The Willowz LIVE at Bar Pink
By: Myles Crawley
Recently I became aware of a band called The Willowz. I heard them for the first time about two months ago and my ears pricked up right away. Immediately I could tell there was something extremely different about them. So I requested a copy of their newest album Everyone. Lo and behold, the whole album was excellent, and it soon became a favorite in our house, as it still is.
A couple of weeks went by after receiving Everyone. I was contemplating a review for the website, when I found out they were playing at a little venue in San Diego called Bar Pink. I’ve seen a few other acts there and, although the sound and the sightlines suck, it’s always a raw and honest show. So I got back in touch with their PR firm to request passes. A bit later that day I was on Facebook and noticed that an old friend of mine, artist and musician Paul Kostabi, had posted a comment mentioning The Willowz. Intrigued, I read his comment which totally blew my mind. It turns out that Paul’s significant other, Heidi Follin, is the mother of Richie Follin who co-founded The Willowz, and Paul and Heidi have been very involved with steering The Willowz in the right direction. Paul produced the band and Heidi, as the principle of Follin Artist Management, manages them. It’s amazing to me when I run into one of those odd connections, this one in particular. Paul and Heidi could easily take up an article of their own, but that isn’t the one I’m writing at the moment.
I got down to Bar Pink earlier on in the evening and met Richie Follin, who sings, plays rhythm guitar and writes the majority of The Willowz material, along with bass player and co-founder Jessica Reynoza, lead guitarist William McLaren and drummer Loren Humphrey. My recent experience has shown me that the alleyways in San Diego supply a great urban backdrop for video footage. Since the plan was to shoot a couple of acoustic performance pieces with The Willowz, my videographer, Paul Giret, and I went looking for one that worked. We found a great parking lot, with a colorful mural backdrop, just up the street from Bar Pink. Once we were set up, we brought the band over and cut two songs. First was “Everyone”, the title track for their new album, and second was a song called “I Know”. Richie, as you will see, attacks his songs with a sense of confidence that is unwavering. The film director Michel Gondry has become an avid fan of The Willowz. He highlighted one of their songs in his film “Eternal Sunshine of the Spotless Mind” and directed a quirky music video to their song “I Wonder”. Here it is…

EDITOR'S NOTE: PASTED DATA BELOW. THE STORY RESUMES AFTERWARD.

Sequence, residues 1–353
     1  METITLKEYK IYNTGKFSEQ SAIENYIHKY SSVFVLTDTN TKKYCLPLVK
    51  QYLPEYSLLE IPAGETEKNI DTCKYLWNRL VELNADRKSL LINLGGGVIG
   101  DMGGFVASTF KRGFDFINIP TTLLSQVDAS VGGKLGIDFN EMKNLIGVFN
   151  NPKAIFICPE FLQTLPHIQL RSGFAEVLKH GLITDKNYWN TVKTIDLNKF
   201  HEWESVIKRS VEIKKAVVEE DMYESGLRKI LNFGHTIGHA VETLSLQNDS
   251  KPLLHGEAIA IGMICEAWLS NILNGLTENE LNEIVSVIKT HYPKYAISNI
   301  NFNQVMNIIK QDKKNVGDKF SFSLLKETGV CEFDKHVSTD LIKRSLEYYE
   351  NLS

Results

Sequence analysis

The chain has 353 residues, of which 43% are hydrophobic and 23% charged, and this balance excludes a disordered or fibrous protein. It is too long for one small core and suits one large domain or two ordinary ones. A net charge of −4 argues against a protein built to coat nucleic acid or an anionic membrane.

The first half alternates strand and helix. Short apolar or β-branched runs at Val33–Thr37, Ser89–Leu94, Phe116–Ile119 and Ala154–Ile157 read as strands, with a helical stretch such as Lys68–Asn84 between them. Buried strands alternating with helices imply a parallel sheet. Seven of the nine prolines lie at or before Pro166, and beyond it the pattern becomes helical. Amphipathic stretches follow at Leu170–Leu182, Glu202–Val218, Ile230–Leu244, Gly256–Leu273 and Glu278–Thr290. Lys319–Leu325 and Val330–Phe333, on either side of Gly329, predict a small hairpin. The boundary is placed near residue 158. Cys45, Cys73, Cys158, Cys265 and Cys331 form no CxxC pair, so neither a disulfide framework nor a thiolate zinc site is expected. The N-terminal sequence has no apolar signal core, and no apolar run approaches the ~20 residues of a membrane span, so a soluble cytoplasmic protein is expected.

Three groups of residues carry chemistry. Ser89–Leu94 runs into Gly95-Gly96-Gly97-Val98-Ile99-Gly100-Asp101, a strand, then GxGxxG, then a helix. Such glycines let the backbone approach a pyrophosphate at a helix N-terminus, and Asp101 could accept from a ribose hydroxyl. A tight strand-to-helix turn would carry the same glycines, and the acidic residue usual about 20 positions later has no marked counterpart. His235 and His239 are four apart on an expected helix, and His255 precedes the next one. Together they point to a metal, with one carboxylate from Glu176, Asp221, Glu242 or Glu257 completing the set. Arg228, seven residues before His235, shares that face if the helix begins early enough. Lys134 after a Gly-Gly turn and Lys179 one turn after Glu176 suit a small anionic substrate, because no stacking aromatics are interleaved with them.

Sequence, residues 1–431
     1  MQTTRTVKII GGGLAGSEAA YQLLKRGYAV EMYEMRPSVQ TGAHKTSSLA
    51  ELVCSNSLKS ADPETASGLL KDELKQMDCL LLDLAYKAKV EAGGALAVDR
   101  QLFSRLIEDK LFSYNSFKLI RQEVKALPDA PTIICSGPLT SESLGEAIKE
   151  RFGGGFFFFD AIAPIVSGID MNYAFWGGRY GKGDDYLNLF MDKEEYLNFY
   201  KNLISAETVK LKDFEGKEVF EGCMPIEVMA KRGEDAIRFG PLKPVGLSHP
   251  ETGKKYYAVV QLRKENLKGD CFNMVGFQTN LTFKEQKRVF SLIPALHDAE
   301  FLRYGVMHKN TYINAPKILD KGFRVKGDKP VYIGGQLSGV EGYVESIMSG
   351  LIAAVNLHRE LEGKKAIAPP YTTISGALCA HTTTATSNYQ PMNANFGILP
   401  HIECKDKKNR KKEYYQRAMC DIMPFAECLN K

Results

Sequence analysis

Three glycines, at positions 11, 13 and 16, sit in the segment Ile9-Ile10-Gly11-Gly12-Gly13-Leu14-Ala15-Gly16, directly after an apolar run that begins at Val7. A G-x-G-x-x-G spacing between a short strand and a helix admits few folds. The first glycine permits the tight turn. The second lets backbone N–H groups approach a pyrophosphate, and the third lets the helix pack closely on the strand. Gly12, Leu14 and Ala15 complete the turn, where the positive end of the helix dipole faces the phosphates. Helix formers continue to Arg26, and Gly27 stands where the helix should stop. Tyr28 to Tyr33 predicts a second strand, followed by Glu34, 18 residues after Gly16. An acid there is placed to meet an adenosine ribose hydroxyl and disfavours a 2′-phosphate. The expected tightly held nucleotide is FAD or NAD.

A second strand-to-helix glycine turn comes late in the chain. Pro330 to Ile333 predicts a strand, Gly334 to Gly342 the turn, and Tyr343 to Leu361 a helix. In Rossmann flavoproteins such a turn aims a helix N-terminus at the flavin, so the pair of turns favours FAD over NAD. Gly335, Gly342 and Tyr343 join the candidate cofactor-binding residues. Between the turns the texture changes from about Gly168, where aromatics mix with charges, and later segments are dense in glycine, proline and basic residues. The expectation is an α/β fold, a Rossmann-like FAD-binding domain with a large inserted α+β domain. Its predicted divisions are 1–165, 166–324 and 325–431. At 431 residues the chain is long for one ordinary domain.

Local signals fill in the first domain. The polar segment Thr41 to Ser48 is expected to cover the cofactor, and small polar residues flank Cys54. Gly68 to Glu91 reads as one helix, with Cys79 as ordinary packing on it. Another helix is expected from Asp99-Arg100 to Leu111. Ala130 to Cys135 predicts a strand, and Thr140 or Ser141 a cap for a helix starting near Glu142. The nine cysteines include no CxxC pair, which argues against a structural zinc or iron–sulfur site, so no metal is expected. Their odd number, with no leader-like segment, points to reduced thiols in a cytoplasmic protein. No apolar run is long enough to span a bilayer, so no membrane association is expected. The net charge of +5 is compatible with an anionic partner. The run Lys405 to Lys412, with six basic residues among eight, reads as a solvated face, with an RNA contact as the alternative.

Back at the club, I sat through a couple of agonizing hours of opening bands before The Willowz finally hit the stage. The place was pretty packed by that time, but I could tell that a lot of the crowd had little or no idea who The Willowz were. It was kind of funny to watch because the band played about three songs, while the audience tried to process and put into place exactly how they felt about the music. As soon as the songs ended Richie would go “Thanks a lot. We appreciate you”. This was coming before anyone had even clapped, and at first the audience was looking at each other trying to figure it out. At some point into the fourth song it collectively dawned on the entire bunch that these guys – and girl – were really fucking good. From that point on it was hilarious. People were dancing and lighting their Bic lighters. They packed in tighter and tighter, until it was one huge throbbing mob. The band completely fed off the crowd’s new frenzied position and gave back the same level of intensity.
I could say without any doubt that this Bar Pink crowd was completely taken by The Willowz. It’s no wonder. Their album is great. Their live show is great. The ingredients are all there. I expect that we’ll hear a lot more about this band over the next year or two. Go and see them if they play anywhere near you. And buy the album. It’s well worth the money. But for right now, watch these videos. I think you’ll enjoy them.
Produced by Myles Crawley. Shot and edited by Paul Giret.